If Gov. Jerry Brown signs the bill, California will become the second state, after Hawaii, to raise the age limit for buying tobacco products from 18 to 21.
The government says Apple has cited broad generalities in its refusal to help the FBI circumvent an iPhone's security features — and argues that the FBI's request is, in contrast, modest and specific.
On March 31, the Federal Communications Commission will vote on what could become first-ever privacy rules for Internet service providers, stemming from last year's net neutrality ruling.
The issue of trade has been an important dividing line within both parties this year. Democratic and Republican candidates are backing away from supporting free trade amid voter concerns and a rising tide of populism.
Countries are finding big money in an unlikely source — selling citizenship. The Planet Money team goes to the tiny island nation that started the trend to see what happens when passports become an export product like anything else.
The fight to improve wages for Florida's tomato pickers hit the national stage over the past week, both in a Bernie Sanders campaign video and last night's debate in Miami.
President Obama and Canadian Prime Minister Justin Trudeau unveiled goals for cutting methane emissions from the oil and gas industry by more than 40 percent by 2025, among other ambitious targets.
Airlines are expecting record numbers of spring break travelers. Both the industry and TSA are expecting airport screening checkpoints to have long lines. They urge travelers to arrive early.
China's economy is struggling. The currency and stock market are down. Growth continues to slow. Yet in Shanghai, people are scrambling to buy apartments even as prices soar. Why?
Eight years ago, Warren Buffett made a $1 million bet with some hedge fund managers. We learn what the bet tells us about one of the most important questions in investing.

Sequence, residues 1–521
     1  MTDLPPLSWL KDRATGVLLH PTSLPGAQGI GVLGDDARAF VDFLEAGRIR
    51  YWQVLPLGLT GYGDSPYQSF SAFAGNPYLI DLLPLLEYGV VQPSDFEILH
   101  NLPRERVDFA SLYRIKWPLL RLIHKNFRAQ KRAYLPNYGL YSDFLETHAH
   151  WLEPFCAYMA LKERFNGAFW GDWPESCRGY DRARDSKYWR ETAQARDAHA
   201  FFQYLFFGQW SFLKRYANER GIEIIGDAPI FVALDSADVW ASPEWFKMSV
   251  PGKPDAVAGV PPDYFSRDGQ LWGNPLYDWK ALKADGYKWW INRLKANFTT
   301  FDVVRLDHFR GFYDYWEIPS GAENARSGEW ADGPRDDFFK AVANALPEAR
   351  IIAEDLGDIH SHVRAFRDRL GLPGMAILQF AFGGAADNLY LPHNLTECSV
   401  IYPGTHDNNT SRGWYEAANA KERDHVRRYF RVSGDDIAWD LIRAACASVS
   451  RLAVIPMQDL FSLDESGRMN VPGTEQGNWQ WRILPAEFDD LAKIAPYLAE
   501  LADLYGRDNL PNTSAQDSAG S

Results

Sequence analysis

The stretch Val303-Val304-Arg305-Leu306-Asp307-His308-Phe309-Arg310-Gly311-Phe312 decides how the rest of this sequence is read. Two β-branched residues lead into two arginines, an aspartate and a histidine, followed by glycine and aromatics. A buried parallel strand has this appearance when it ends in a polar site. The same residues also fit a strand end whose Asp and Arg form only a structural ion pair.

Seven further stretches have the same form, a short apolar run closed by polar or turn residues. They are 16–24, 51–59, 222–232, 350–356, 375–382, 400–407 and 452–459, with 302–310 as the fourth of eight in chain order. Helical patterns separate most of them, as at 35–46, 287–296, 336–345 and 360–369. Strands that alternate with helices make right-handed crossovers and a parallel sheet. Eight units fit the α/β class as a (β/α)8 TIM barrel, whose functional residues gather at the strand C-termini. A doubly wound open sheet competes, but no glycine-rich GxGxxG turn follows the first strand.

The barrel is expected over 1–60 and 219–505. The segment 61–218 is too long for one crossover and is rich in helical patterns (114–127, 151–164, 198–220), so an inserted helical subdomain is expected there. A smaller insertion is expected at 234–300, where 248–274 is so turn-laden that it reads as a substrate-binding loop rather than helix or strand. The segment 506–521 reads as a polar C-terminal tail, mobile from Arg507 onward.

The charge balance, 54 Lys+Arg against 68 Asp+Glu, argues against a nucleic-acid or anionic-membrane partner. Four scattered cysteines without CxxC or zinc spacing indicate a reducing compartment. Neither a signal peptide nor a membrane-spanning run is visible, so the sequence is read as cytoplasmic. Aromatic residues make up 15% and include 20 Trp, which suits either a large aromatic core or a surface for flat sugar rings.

NPR's David Folkenflik spoke with the recently departed talk show host and with the president of MSNBC. Harris-Perry said her show was "taken"; her boss said it was "loved."
Volkswagen announced Wednesday that its top U.S. executive, Michael Horn, is stepping down, effective immediately. A statement from the company said the decision was reached by "mutual agreement."
The NFL plans to sell the rights to live stream more than a dozen regular season football games next season. NPR's Kelly McEvers talks to Peter Kafka of ReCode about the NFL's plan.
Mayor Bill de Blasio wants to rezone some neighborhoods to allow more construction. The plan is encountering opposition from some of the people hit hardest by the housing shortage.
In Louisville, Ky., a fight is brewing between Google and AT&T. Google wants to bring its ultra-fast fiber Internet service to the city, but it wants to use other utilities poles. The city allowed that to happen. AT&T says not so fast.
Donald Trump pushed back against attacks on his business prowess this week, showing off examples of Trump-branded water, wine and steaks. But Trump's own ties to those products may not be as strong as he suggested.
The agency plans to reduce the incentive for doctors to use the most expensive drugs and link prices to patient outcomes, perhaps paying less when patients have to be admitted to a hospital.
Trump Water, Trump magazine, Trump Steaks. So much Trump and all on stage after his wins in Michigan, Mississippi and Hawaii Tuesday night. But almost none of them actually are Trump.
"They were neck-and-neck for its entirety, in a game filled with complex fighting," according to a recap. The five-game match will continue through the weekend.
He doesn't always shoot beer commercials ... at least, not any more. After a final ad sending Jonathan Goldsmith on a one-way trip to Mars, Dos Equis will replace him with a new star, Ad Age reports.